Confession: I suffered from a childhood fear that my body would turn inside out. Either some external force would evert me like a used sock puppet or my body would just up and reverse itself. Either way, my unease was palpable, and it all traces back to the 1979 film Screamers.
I mean just look at that VHS cover! I was 8 years old when I first saw that on the shelf of the local video store. And since my family didn’t rent horror, it was decades before I found out that ABSOLUTELY NO ONE turns inside out in this film.*
*Worse still, it seems that the distributers actually filmed a gruesome man-turns-inside-out scene for the U.S. trailer but didn’t add it to the film itself. Audiences went ballistic. BadMovies.org has lots of great info on this film right here.
But ever up to the challenge, my 8-year-old brain cooked up its own terrifying visions of blood-spurting inside-out men. I imagined doctors powerless to reverse the condition. A few years passed before I actually stopped to ask if total body eversion were even possible—or why the inside-out man from Screamers has blue jeans on.
Science vs. Inside Out Men
So can the entire human body turn itself inside out? Not really. Our bodies just aren’t that pliable. Plus, they consist of various systems and internal structures. You can turn a tube sock inside out, but even an earthworm’s tubular body would tear apart before you effectively could evert it.
However, the animal world is full of inside-out examples related to individual organs or parts of the gastric system. Take bladder eversion for instance. It’s rare in humans, but you’ll find it in cows and horses from time to time. In these instances, the bladder extends from the body cavity. This is called prolapse, and it occurs with other organs as well.
If you’re like me, the thought makes you cringe. Yet countless animals have evolved to depend on eversion as part of their daily routine. If you’ve watched Life on BBC or Discovery Channel, you know that sea stars evert their stomachs when they feed. Nemertine worms also have a ghastly eversion feeding method: They turn their proboscises inside out. Click here for some footage.
Hang out with rays and sharks enough and you’ll likely witness an equally grotesque habit known as full gastric eversion. When humans need to empty our stomachs in a hurry, we vomit. Rays and sharks just turn their stomach inside out and flop it out their mouths. It’s a lot like turning your pockets out to get rid of some lint. And yes, there’s a video:
And then there’s the vampire squid, which uses eversion to ward off predators. It simply flips its webbed array of arms back over the rest of its body. Imagine if you could pull your top lip back over the rest of your face and your bottom lip over your chin—and then kept tugging till you were covered in a gleaming, pink cloak. It’s the same principle, but it’s not full-body eversion.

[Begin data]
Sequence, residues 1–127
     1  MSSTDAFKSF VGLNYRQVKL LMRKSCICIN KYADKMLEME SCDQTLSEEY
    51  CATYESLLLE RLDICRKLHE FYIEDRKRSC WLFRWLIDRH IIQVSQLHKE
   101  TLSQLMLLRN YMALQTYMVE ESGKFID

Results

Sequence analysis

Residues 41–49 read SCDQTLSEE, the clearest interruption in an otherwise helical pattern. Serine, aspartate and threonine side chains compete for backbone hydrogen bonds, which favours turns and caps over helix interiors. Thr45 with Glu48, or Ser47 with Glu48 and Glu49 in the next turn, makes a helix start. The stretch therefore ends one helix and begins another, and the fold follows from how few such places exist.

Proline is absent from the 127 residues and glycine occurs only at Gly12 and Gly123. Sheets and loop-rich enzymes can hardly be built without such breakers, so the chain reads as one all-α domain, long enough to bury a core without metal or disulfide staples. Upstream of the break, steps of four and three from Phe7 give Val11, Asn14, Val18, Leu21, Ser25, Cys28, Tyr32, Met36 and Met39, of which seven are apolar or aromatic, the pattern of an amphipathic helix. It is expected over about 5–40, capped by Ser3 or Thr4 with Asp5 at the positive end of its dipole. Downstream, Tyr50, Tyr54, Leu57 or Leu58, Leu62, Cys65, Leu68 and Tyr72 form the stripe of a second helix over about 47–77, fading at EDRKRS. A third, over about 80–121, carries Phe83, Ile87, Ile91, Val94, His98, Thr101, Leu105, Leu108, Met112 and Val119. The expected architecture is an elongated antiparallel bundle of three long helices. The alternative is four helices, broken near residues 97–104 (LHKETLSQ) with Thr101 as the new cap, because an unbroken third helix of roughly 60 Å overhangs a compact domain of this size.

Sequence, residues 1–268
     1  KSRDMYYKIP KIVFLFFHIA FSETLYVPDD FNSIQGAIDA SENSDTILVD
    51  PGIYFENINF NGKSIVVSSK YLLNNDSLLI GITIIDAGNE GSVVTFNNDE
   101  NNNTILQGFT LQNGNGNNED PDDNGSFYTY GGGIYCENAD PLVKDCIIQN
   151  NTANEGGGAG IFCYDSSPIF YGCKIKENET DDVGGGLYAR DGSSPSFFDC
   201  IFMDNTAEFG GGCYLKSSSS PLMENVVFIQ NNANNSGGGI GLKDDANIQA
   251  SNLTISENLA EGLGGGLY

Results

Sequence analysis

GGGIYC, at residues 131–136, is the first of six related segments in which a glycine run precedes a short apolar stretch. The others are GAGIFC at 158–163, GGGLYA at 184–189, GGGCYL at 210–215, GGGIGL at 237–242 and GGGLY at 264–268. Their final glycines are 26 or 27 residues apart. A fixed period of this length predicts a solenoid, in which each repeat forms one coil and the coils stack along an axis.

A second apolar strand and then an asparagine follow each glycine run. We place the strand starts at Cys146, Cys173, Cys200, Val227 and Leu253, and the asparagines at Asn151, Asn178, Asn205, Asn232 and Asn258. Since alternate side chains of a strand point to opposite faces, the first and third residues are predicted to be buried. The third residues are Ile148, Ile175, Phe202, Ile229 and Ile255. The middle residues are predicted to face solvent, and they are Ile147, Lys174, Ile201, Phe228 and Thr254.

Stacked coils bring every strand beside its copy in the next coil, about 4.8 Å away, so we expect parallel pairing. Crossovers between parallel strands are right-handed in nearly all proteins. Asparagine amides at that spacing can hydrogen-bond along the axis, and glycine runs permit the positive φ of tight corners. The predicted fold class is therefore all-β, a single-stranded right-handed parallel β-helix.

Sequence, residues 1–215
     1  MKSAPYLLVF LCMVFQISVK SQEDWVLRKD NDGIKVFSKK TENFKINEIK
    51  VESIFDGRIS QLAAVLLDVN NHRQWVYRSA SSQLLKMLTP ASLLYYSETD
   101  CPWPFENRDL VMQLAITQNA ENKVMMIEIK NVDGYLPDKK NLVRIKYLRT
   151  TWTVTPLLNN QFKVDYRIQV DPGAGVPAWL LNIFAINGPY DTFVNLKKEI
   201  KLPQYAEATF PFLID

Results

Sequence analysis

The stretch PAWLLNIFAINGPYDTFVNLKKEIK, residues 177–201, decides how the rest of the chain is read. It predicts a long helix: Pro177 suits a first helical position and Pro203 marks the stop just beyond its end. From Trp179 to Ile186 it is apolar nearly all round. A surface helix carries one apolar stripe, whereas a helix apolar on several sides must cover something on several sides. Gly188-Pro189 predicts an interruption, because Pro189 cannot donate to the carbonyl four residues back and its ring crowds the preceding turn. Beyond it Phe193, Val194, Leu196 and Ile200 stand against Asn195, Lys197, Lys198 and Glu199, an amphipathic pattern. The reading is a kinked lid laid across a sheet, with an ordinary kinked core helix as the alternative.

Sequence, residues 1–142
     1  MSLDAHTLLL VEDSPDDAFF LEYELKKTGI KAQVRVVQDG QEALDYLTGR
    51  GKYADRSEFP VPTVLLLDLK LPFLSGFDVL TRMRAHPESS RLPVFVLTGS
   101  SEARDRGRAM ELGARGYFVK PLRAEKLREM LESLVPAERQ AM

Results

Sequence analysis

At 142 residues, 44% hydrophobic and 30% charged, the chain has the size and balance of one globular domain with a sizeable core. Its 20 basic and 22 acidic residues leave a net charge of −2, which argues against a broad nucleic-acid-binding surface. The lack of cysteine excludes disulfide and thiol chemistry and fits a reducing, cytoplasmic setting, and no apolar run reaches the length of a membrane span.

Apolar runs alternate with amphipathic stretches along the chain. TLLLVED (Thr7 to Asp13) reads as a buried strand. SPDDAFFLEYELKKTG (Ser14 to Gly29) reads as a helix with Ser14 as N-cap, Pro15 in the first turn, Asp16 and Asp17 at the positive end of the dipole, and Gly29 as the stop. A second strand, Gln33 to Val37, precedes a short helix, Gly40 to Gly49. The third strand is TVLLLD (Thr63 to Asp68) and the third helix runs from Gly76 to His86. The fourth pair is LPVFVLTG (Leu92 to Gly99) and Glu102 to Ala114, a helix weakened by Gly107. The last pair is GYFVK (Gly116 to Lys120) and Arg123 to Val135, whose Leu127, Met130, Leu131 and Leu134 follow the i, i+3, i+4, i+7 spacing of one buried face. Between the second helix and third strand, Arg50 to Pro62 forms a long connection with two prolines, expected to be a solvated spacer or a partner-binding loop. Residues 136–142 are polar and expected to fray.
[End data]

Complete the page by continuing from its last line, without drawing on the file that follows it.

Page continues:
Horrible Accidents & Guts
Okay, so a body won’t totally evert itself, but couldn’t some horrible accident turn you inside out? Nope, don’t worry about this one either. Even rapid decompression, which does all sorts of impossible damage to bodies in films, couldn’t pull it off. U.S. Army experiments on salmon indicate that rapid decompression (such as in a ruptured airplane fuselage or spacecraft) can result in stomach eversion, but no inside out fish.
You’ll find accounts online (and in that one Chuck Palahniuk short story) about catastrophic injuries involving swimming pool intakes, but the human body still wouldn’t turn inside out. We just aren’t pliable or rugged enough for that to happen. Heck, as Neil deGrasse Tyson likes to point out, even the unimaginable pull of a black hole would merely slice you into a bazillion tiny pieces and extrude you through the fabric of space:
I suspect other kids were similarly traumatized/inspired by that Screamers cover. Just look at the “fog that turns people inside out” from The Simpsons, Nickelodeon’s Inside Out Boy, or the scene in Invader Zim where Dib winds up reversed into a throbbing slab of guts. The list goes on.
The inside out men still show up in my dreams sometimes, but that’s about the extent of it.
Robert Lamb is a senior staff writer at HowStuffWorks.com and co-host of the Stuff from the Science Lab podcast and blog. He is also a regular contributor to Discovery News, where he strives hard to work Texas Chainsaw Massacre references into solar physics articles.